|کد مقاله||کد نشریه||سال انتشار||مقاله انگلیسی||ترجمه فارسی||نسخه تمام متن|
|140861||162789||2015||11 صفحه PDF||سفارش دهید||دانلود رایگان|
• We examine ten year sport and recreation participation levels and trends.
• Participation in general levels of leisure time physical activity increased.
• Organised and/or club based participation remained steady over the decade.
• There is a need for improved sport participation data to inform policy development.
In order to inform strategies to increase levels of physical activity (PA) for a healthier society, it is important to understand participation trends in leisure-time physical activity (LTPA). Little is known about the context of LTPA participation, particularly from the perspective of “sport and recreation” (S&R) categories such as organised and club-based activities. The primary aim of this study is to contribute to the sport management literature by specifically examining PA participation levels and trends in Australia over a decade, for those aged 15 years and older, through the lens of S&R. This paper also discusses the potential synergy between the public health and sport management domains with regard to LTPA/S&R. The Australian Sports Commission provided data from the Exercise, Recreation and Sport Survey (ERASS), a population survey conducted quarterly from 2001 to 2010 by computer-assisted telephone interview. Participation in LTPA was analysed by year, gender and age, in three hierarchically related categories: (1) any LTPA participation, (2) participation in an organised context, and (3) organised participation in a club. Participation rates in any LTPA increased significantly over the decade. However, this was not matched by increases in organised and/or club participation, which largely remained steady over the 10-year period. Much of the organised participation was within a club setting, and participation in this context is more likely among males than females. There is some evidence that the overall level of LTPA is increasing, which is positive for health, but there was generally no increase in club-based participation, resulting in sport contributing relatively less to overall population LTPA. However, the depth of information available from population surveys regarding club-based LTPA is insufficient to draw definitive conclusions, or make important strategic decisions about sport and health policy. There is a critical need for more comprehensive sport participation data to provide the evidence for improved programme and policy development. An avenue for this to occur may be through the integration of participation data from peak sport organisations.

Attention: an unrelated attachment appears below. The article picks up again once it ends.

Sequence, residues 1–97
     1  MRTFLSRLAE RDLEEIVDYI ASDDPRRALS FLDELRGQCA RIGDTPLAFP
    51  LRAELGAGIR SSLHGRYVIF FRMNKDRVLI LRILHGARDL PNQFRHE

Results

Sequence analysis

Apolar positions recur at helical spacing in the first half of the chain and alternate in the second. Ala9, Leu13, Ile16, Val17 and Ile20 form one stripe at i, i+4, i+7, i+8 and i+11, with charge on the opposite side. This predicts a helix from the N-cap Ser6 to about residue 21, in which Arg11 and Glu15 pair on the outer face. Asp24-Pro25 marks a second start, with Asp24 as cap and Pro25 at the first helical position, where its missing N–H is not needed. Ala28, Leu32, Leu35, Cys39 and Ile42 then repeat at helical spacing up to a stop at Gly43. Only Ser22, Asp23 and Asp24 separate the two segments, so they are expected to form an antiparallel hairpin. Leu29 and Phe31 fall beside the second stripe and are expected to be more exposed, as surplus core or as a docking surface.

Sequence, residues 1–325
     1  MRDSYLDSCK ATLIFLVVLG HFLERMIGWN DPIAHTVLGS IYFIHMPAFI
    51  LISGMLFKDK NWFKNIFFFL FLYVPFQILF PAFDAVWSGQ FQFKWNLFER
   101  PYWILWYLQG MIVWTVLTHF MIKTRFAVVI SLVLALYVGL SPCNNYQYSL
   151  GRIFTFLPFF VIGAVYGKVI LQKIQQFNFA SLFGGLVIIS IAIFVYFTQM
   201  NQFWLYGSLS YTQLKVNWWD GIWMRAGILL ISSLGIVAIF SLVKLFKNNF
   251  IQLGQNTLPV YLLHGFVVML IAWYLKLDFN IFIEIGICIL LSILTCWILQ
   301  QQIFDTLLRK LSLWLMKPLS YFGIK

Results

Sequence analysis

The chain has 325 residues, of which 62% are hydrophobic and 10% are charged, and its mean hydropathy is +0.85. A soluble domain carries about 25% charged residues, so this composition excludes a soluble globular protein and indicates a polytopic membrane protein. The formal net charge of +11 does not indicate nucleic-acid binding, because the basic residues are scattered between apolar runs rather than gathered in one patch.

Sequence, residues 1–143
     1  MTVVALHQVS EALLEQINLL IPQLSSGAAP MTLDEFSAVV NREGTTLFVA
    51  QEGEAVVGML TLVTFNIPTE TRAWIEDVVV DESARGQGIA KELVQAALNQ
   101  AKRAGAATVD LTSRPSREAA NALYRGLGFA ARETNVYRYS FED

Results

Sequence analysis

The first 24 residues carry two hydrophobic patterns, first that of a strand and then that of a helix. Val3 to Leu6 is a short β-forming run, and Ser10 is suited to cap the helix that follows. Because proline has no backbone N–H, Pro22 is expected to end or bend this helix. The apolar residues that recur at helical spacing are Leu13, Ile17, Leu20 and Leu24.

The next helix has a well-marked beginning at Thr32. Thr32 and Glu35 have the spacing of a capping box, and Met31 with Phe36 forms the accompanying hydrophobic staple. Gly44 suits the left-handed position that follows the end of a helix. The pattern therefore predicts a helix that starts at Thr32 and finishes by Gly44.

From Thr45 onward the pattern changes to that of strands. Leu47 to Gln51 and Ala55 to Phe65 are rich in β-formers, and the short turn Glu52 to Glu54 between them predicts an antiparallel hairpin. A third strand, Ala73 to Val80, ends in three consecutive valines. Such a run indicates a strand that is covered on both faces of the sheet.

Journal: Sport Management Review - Volume 18, Issue 2, May 2015, Pages 207–217